I Want To...
I Want To...
Find Research Faculty
Enter the last name, specialty or keyword for your search below.
School of Medicine
I Want to...
As your child begins toddling, you may notice his or her feet pointing inward, toward the midline of the body. Most children begin walking with this natural “pigeon-toed” stance, called intoeing. For about 99 percent of children, this problem will correct itself, but when the degree of inward rotation is too high, the condition is called femoral anteversion.
Femoral Anteversion: What You Need to Know
- Femoral anteversion is very common and may affect up to 10 percent of all children.
- In most children, the condition clears up on its own.
- Femoral anteversion is not caused by the type of shoes you let your children wear or by learning to walk without shoes.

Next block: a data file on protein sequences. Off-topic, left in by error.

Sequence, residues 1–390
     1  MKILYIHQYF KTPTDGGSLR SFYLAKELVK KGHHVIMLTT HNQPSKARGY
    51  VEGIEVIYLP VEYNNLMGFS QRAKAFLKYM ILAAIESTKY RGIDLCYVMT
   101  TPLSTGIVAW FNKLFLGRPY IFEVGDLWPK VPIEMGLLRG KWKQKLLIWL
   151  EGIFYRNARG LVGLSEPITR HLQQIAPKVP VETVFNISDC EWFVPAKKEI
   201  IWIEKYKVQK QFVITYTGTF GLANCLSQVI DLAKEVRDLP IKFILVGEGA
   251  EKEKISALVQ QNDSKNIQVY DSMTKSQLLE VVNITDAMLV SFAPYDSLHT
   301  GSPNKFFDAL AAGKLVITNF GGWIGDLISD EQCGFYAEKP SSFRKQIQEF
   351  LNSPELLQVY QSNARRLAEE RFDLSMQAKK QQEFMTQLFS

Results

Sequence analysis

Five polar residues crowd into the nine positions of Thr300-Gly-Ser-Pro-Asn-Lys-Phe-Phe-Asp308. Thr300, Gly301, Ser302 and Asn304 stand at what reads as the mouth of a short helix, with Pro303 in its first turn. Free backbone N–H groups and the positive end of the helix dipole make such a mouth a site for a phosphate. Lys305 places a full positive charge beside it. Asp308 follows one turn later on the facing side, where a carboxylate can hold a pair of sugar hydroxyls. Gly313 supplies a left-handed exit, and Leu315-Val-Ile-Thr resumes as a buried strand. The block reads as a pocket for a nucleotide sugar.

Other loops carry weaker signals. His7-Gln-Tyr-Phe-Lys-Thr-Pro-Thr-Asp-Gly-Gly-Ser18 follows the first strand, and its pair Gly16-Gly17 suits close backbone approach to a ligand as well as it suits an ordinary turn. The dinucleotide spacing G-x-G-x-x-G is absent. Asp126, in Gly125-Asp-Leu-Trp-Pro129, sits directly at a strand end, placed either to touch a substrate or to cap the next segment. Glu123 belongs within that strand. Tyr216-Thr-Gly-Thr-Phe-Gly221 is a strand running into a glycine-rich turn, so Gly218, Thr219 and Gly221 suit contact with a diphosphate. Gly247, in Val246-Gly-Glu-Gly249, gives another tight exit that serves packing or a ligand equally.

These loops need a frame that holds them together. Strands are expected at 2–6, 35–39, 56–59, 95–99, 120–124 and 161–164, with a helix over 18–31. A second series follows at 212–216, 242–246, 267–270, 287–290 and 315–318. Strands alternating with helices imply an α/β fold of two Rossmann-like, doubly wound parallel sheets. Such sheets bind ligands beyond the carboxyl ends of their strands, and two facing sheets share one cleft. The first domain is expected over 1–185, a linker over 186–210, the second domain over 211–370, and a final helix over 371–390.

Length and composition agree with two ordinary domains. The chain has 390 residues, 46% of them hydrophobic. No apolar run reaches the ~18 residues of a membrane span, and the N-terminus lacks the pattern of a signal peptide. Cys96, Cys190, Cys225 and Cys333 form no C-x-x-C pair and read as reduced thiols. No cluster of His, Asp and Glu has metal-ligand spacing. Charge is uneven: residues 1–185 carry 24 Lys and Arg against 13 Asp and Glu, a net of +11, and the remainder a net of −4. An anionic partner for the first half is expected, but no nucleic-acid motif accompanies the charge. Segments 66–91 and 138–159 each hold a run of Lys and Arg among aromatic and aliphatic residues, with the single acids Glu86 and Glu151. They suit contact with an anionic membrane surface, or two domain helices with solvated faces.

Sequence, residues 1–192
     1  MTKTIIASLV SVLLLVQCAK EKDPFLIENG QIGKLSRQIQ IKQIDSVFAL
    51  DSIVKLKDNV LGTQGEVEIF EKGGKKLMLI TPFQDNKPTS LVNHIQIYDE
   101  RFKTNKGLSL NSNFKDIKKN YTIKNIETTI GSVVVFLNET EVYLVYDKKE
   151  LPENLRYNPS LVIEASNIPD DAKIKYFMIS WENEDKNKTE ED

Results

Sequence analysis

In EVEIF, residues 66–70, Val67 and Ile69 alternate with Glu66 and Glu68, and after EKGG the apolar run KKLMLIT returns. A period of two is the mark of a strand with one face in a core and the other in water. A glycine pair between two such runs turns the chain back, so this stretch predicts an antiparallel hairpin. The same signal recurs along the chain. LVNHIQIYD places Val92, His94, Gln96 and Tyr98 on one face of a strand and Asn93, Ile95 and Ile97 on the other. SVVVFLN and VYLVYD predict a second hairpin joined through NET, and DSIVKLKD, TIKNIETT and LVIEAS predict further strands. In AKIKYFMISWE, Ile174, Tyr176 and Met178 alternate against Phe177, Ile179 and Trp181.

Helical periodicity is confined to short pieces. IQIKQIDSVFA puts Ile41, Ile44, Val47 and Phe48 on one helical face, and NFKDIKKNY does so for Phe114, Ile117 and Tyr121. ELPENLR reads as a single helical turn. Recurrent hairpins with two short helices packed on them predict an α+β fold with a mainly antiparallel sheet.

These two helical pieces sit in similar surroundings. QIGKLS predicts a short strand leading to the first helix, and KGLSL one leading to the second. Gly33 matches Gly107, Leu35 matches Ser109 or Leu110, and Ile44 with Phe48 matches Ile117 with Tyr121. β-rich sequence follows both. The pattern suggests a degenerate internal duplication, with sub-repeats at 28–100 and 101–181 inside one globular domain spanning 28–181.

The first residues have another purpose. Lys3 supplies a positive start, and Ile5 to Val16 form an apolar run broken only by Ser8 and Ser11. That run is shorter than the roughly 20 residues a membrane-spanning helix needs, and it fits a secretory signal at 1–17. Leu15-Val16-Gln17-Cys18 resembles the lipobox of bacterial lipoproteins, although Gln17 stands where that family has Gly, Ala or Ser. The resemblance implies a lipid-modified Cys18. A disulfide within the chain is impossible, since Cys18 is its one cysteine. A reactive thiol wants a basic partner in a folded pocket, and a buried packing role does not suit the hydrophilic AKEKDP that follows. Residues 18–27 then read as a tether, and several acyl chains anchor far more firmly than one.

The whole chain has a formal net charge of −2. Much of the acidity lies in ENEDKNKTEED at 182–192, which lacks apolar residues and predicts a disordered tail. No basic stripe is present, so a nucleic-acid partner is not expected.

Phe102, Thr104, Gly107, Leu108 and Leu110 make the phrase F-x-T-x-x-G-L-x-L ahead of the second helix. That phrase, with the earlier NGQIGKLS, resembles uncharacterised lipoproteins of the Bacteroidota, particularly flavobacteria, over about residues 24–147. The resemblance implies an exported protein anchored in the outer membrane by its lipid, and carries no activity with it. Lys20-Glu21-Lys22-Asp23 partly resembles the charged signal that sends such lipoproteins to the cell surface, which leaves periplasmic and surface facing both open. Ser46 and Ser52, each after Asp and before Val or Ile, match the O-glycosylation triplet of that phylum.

- If your child over age 8 exhibits severe intoeing, consult an orthopaedic surgeon about whether or not surgery is required to correct this problem.
Why Choose Johns Hopkins for treatment of femoral anteversion?
Our physician assistants (PAs) and nurse practitioners (NPs) specialize in pediatric orthopaedics and play a key role in providing care to our patients and families.
Meet our staff that cares for children with femoral anteversion:
Melissa Fought, C.R.N.P.
Colleen Lenz, C.R.N.P.
Kristen Venuti, C.R.N.P.
Karen Wille, P.A.-C.
Mary Yost, F.N.C.P.
Request an Appointment
Already a Patient?
Traveling for Care?
Whether you're crossing the country or the globe, we make it easy to access world-class care at Johns Hopkins.